Ep. 948: Where we're in some deep dish Video
Today a NY tech meetup group rallied hundreds of citizens to gather at the steps of Senators Gillebrand and Schumer. From there, the peaceful demonstrators marched to Times Square, carrying signs and chanting. Once in the square, an Occupy-style "mic check" commenced as attendees decried the bills before congress as dangerous to americans' freedom of speech.
Web sites black out their pages to protest online censorship and SOPA, the Salvation Army is using Square, and Google Music arrives with free online storage, music sharing tools, and a few freebies.
Leaked from today's 404 Podcast: Google Music competes for your ears, Cadillac announces plans for app store, Google Nexus drops on the UK, Gawker puts Fleshbot porn news site up for sale, and porn makers think they're getting jacked by .xxx domains.
Why gadgets aren't safe in hotel rooms, church donations on credit, mobile greeting cards, Barbie gets virtual, and the Netflix treatment for college textbooks.
Whether it's catalogs, new credit card offers or donation solicitations, our mailboxes seem to get stuffed with unwanted paper. CNET's Kara Tsuboi reports on two free apps that help you manage your junk mail and be more selective about your catalog shopping.
Sometimes, but not often, The 404 Podcast wades into foreign territory and needs help getting out. Luckily, we have Natali Del Conte on hand to dish out some much needed advice about how to approach someone on public transit. Is it taboo to introduce yourself? Should you offer a business card? Is there some kind of unspoken agreement not to talk to anyone else on the New York Subway?
On today's episode of The 404 Podcast, hosts Jeff Bakalar, Wilson G. Tang, and Justin Yu fear the wrath of Jeff's alter-ego TerrorByte, debate the efficacy of Wi-Fi access in NYC subways, the latest Android Froyo update for the HTC Evo 4G, and more!
The Financial Decoder Jill Schlesinger is back on the show today. Yeah, yeah, it's not technology, but we do mention online banking, so we guess that counts. Anyway, we talk about how credit card companies are like drug dealers, and how to break the habit.
Anyone surfing the Web on Wednesday probably noticed a lot of their favorite sites looked a little different. Wikipedia, Google, and Amazon, among others, all took steps to protest two antipiracy bills that Congress is considering. The bills are known as SOPA and PIPA. Internet companies say that if passed the bills would threaten the "openness" of the Web. CNET's Kara Tsuboi reports.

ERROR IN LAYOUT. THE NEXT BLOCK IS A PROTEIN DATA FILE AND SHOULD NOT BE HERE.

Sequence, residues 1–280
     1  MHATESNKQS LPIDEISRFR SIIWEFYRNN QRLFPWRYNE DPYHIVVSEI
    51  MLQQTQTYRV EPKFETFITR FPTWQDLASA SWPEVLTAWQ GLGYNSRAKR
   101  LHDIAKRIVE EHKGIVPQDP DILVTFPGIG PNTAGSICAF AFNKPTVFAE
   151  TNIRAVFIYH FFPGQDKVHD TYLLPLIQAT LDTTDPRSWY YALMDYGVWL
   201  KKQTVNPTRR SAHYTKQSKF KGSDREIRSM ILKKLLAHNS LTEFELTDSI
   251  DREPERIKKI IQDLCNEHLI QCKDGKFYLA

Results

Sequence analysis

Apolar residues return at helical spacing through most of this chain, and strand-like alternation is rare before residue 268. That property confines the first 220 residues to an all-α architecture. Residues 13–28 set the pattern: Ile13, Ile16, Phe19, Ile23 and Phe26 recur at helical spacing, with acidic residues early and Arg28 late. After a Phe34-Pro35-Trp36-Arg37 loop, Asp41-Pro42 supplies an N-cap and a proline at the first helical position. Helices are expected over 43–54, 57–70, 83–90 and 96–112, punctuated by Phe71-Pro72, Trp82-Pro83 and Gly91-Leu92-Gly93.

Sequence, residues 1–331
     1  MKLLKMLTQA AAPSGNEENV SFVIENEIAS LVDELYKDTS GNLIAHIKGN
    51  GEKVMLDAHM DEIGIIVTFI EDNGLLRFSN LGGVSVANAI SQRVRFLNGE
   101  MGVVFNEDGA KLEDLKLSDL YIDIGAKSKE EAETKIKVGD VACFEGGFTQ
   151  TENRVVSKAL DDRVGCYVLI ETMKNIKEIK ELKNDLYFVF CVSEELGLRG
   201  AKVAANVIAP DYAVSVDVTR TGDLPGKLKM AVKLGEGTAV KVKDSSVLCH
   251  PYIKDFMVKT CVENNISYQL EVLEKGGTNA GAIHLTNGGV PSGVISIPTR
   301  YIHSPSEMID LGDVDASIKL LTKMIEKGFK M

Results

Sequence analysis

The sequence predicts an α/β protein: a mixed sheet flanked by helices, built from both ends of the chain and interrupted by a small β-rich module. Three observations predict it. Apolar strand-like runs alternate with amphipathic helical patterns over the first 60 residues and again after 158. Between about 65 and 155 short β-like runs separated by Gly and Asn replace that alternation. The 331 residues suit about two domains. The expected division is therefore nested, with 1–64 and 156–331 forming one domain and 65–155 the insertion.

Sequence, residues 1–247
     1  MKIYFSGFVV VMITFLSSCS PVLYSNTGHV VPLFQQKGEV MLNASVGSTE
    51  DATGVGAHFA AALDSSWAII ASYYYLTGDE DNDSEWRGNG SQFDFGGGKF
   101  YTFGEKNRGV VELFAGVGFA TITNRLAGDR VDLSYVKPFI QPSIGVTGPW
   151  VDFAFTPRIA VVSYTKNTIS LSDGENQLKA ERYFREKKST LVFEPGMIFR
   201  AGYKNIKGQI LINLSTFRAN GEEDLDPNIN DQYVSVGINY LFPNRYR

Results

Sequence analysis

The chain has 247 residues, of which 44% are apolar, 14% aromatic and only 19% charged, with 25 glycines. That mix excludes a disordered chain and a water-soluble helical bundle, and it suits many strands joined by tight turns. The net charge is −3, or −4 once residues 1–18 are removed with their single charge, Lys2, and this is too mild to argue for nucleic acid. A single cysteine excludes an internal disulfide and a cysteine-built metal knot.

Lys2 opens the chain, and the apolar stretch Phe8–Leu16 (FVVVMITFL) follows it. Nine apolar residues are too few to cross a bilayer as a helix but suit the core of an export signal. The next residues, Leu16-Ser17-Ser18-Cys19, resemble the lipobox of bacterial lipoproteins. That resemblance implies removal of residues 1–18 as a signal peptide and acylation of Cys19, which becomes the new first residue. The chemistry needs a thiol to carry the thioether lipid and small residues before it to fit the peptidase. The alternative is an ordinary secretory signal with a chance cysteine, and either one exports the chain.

It only takes a few seconds of Enemies Like This, the title track to Radio 4?s new album, to realize that the Brooklyn-based band has returned with all cylinders fired up and with a rejuvenated sense of purpose. Radio 4 have never been ones to shy away from making a loud noise or issuing a firm statement, but on Enemies Like This, they?ve both streamlined and stretched their sound, they?ve cut the fat, trimmed the filler, and focused on the meat that makes the music, not the spices that can bury it. Enemies Like This is the album long awaited by all those who know that, up to now, Radio 4?s strongest impression has been made from the stage. To this end, Radio 4 stayed out of big studios for Enemies Like This. They recorded the backing tracks in December 2005 in an industrial section of Williamsburg (Headgear Studios), and added overdubs in the basement of a converted factory in Park Slope (the sarcastically named Seaside Lounge). For production, they brought over from London Jagz Kooner, a founding member of The Aloof and Sabres of Paradise known also for his radical mixes for Primal Scream, Kasabian, Soulwax and others. Radio 4 had struck up a friendship with Kooner on their travels, noting his innate understanding of how rock music can groove without getting all cerebral or convoluted about it. Enemies Like This came in ten songs and 43 minutes long like albums used to be back when they were spread over two sides of vinyl and there was no space to bury your mistakes. As much as these ten songs are devoid of filler, they?re also thrillingly diverse. Try and spot the influences ? Anthony Roman is about to openly cop to some of them but dont presume to peg this band. Radio 4 are proud of the scene from which they emerged, but with Enemies Like This, they?ve become very much their own entity.